**Title: **Photon-pair generation by spontaneous four-wave mixing: Modelling real systems

** **

**Supervisor\n**Principal supervisor: Prof. Karsten Rottwitt, DTU Fotonik

**Evaluation Board\n**Dr. Peter Mosley, University of Bath, UK

\nProf. Magnus Karlsson, Chalmars University, Sweden

**Chairman\n**Ass. Prof Niels Gregersen, DTU Fotonik

**Master of the Ceremony\n**To be announced

**Abstract\n**This PhD project has focused on generation of photon pairs using nonlinear processes in optical fibers. By detecting one of the photons in the pair, the remaining photon can be used for quantum photonics applications. Important examples of such applications include optical quantum computing, possibly leading to exponential speed-ups on certain computational problems, or quantum cryptography, promising provably secure communications. When creating pairs of photons in an optical fiber, there are many unwanted effects that can negatively impact the quality of the produced photons. A main topic of the thesis is obtaining accurate descriptions of these effects in order to obtain insight on how to mitigate them. We find that the negative impact of these effects vary greatly between methods for photon-pair generation and fiber designs, leading to guidelines for how to design systems to avoid them.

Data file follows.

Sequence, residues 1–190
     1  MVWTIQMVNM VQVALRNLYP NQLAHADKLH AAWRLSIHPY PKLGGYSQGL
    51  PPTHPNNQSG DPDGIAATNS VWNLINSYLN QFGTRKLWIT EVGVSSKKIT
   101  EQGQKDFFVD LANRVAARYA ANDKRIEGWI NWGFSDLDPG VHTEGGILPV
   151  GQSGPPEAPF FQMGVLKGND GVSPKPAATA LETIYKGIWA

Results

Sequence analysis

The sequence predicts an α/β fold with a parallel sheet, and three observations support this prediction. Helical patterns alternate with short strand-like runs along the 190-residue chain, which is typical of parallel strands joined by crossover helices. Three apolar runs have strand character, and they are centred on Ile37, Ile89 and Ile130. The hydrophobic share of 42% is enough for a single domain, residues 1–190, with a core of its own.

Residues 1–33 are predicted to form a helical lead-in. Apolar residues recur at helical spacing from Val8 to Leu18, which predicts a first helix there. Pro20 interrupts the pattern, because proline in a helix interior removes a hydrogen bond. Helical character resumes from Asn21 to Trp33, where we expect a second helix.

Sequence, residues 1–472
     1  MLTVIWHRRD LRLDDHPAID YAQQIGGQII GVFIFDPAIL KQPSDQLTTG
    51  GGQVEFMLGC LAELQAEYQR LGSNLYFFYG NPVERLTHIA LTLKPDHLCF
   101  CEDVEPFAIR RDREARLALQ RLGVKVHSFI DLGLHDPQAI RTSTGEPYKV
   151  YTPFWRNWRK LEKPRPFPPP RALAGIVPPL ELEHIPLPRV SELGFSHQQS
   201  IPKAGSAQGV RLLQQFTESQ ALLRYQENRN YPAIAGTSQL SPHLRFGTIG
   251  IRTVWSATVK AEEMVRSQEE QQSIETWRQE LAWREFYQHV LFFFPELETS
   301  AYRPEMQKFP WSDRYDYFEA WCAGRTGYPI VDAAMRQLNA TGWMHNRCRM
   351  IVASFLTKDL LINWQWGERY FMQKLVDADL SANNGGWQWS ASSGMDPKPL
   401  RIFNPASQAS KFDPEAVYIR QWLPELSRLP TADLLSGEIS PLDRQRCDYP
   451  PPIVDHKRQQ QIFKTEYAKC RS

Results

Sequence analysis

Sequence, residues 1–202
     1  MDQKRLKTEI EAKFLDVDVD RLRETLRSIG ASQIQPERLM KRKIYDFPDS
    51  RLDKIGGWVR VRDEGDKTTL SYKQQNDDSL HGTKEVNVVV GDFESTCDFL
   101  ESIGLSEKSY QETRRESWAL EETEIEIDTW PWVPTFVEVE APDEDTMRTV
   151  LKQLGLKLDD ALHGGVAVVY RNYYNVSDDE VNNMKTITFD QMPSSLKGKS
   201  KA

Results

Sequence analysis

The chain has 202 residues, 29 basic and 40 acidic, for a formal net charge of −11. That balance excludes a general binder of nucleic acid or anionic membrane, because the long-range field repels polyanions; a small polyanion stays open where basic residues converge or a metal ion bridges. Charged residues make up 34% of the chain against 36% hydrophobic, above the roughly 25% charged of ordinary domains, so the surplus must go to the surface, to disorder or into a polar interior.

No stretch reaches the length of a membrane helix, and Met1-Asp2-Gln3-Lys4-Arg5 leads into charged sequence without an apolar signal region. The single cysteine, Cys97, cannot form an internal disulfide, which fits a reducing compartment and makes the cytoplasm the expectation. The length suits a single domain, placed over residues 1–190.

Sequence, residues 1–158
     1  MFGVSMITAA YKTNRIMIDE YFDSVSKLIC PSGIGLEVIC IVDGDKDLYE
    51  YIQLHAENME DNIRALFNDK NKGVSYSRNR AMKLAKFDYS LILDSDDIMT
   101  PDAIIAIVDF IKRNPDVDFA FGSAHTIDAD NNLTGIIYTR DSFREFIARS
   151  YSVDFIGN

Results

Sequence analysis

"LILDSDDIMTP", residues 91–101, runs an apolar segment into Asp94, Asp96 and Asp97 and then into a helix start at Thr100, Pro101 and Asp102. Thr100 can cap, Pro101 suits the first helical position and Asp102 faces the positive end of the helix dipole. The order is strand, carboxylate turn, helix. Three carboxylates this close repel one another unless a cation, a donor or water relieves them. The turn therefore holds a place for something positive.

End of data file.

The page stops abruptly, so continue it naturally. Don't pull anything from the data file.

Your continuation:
**Title: **Photon-pair generation by spontaneous four-wave mixing: Modelling real systems

** **

**Supervisor\n**Principal supervisor: Prof. Karsten Rottwitt, DTU Fotonik

**Evaluation Board\n**Dr. Peter Mosley, University of Bath, UK

\nProf. Magnus Karlsson, Chalmars University, Sweden

**Chairman\n**Ass. Prof Niels Gregersen, DTU Fotonik

**Master of the Ceremony\n**To be announced

**Abstract\n**This PhD project has focused on generation of photon pairs using nonlinear processes in optical fibers. By detecting one of the photons in the pair, the remaining photon can be used for quantum photonics applications. Important examples of such applications include optical quantum computing, possibly leading to exponential speed-ups on certain computational problems, or quantum cryptography, promising provably secure communications. When creating pairs of photons in an optical fiber, there are many unwanted effects that can negatively impact the quality of the produced photons. A main topic of the thesis is obtaining accurate descriptions of these effects in order to obtain insight on how to mitigate them. We find that the negative impact of these effects vary greatly between methods for photon-pair generation and fiber designs, leading to guidelines for how to design systems to avoid them.